I love learning about interesting people. They don’t have to be nice, just interesting. My parents were hooked on a show that was very much like the American Idol that some of you are hooked on. (or were hooked on….it’s now fading away…like all shows do)
This is about the guy who hosted the show that carried his name.
Back in the mid-‘30s, a Baltimore DJ started interviewing guests, playing a ukulele, singing ornery songs and doing commercials by making fun of the companies. He would crack jokes with his guests, and use double-entendre to crack-up his audience. He moved his show to Washington D.C. and became number one. People would be late for work waiting on him to advertise Bayer Aspirin, which he called bare-ass Prin. He was probably the Howard Stern of early radio.
In the late ‘40s he recorded zany original songs that became huge hits. His first hit was called “The Too Fat Polka.” (Oh, I don’t want her, you can have her, she’s too fat for me). His other hit tunes, playing the uke, were Lonely Little Petunia in an Onion Patch, What is a Girl, Candy and Cake and The Thing. He was probably and early Weird-Al Yankovic.
Here he is singing “Little Grass Shack”
In the first years of television CBS gave him his own show, Arthur Godfrey’s Talent Scouts. The show was once a week for 90 minutes. Some of the talent that appeared on Talent Scouts was a who’s who of future stars: Lenny Bruce, Don Adams, Tony Bennett, Patsy Cline, Pat Boone, Marilyn Horn and Roy Clark. Some of the rejects that didn’t make the talent-cut were The Four Freshmen and Elvis Presley. This show was probably the first “American Idol.”
In 1949, CBS gave him another show in prime-time called “Arthur Godfrey and Friends.”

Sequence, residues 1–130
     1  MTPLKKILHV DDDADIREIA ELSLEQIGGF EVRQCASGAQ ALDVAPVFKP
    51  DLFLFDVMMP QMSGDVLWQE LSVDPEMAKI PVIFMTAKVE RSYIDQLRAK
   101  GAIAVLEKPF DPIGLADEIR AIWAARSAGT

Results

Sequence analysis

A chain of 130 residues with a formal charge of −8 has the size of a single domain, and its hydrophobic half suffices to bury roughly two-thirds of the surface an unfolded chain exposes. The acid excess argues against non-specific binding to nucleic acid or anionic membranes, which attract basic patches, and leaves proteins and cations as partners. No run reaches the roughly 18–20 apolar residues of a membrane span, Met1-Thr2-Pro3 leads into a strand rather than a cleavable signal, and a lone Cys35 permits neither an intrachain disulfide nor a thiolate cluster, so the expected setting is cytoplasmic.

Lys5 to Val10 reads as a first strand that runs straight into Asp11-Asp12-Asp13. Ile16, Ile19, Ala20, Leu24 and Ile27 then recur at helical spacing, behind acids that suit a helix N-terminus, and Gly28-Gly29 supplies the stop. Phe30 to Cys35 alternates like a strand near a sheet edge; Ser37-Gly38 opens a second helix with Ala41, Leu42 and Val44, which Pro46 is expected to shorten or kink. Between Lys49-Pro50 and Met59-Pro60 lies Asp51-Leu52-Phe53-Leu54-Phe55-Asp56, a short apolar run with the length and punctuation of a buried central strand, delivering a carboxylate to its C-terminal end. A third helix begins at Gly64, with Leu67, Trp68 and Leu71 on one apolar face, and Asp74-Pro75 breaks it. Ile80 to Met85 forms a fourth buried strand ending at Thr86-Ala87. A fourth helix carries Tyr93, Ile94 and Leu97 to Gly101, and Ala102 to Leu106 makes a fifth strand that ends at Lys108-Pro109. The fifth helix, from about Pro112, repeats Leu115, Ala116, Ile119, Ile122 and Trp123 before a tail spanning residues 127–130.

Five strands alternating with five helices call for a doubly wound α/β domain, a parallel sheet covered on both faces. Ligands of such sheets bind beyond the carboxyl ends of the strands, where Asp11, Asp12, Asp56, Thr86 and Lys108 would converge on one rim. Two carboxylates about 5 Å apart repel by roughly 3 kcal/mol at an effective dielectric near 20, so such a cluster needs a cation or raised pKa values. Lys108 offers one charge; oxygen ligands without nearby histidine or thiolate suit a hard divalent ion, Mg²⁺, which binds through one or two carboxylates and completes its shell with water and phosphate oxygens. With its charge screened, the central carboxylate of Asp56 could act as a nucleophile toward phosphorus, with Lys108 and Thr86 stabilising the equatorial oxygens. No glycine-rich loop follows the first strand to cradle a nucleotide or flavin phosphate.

He had a band, musical regulars and guests. Godfrey would hire the talent winners from the Talent Scout show for his “friends” show and call them “Little Godfreys.” He would not allow them to have agents or any representation…he handled their talent and bookings…for a price. His first regulars were Julius LaRosa, Marion Marlowe and Irish tenor, Frank Murphy. This show was the start of the format for the Tonight Show and every other live-band and guest-interview show.
In 1952 his “Arthur Godfrey Time” was a daily 90 minute mid-morning show and he owned the viewing public. He made millions for Lipton Tea and Chesterfield cigarettes (until he got lung cancer five years later).
His guest hosts (remember the guest hosts on Johnny Carson) would come on the show and be discovered and go on to their own fame. Steve Allen was a guest host and then was rewarded with the first Tonight Show job. Robert Q Lewis was a guest host and had his own daily TV show.
Arthur Godfrey had one of the first-ever hip replacements out of plastic parts in 1953. It was successful.
He became an avid anti-smoking activist after contracting lung cancer. Of course Chesterfield cigarettes (Liggett & Meyers) became unhappy and left his show as a sponsor…duh.
As the fired unhappy “little Godfreys” started talking about what a mean controlling person Arthur Godfrey was, his audience dwindled and he faded away. He died in 1983 at the age of 79.